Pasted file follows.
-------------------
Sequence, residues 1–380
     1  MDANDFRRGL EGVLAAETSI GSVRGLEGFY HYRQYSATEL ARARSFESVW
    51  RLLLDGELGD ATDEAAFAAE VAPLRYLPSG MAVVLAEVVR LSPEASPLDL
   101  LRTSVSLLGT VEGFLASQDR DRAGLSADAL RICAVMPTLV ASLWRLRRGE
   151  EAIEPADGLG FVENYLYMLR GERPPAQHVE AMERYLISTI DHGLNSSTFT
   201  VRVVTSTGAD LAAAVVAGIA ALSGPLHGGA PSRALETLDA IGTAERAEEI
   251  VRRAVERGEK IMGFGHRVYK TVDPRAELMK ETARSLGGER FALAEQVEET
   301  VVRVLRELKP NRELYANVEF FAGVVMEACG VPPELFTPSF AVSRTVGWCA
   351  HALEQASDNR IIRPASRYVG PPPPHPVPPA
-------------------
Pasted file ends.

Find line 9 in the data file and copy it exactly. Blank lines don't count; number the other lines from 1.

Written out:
   351  HALEQASDNR IIRPASRYVG PPPPHPVPPA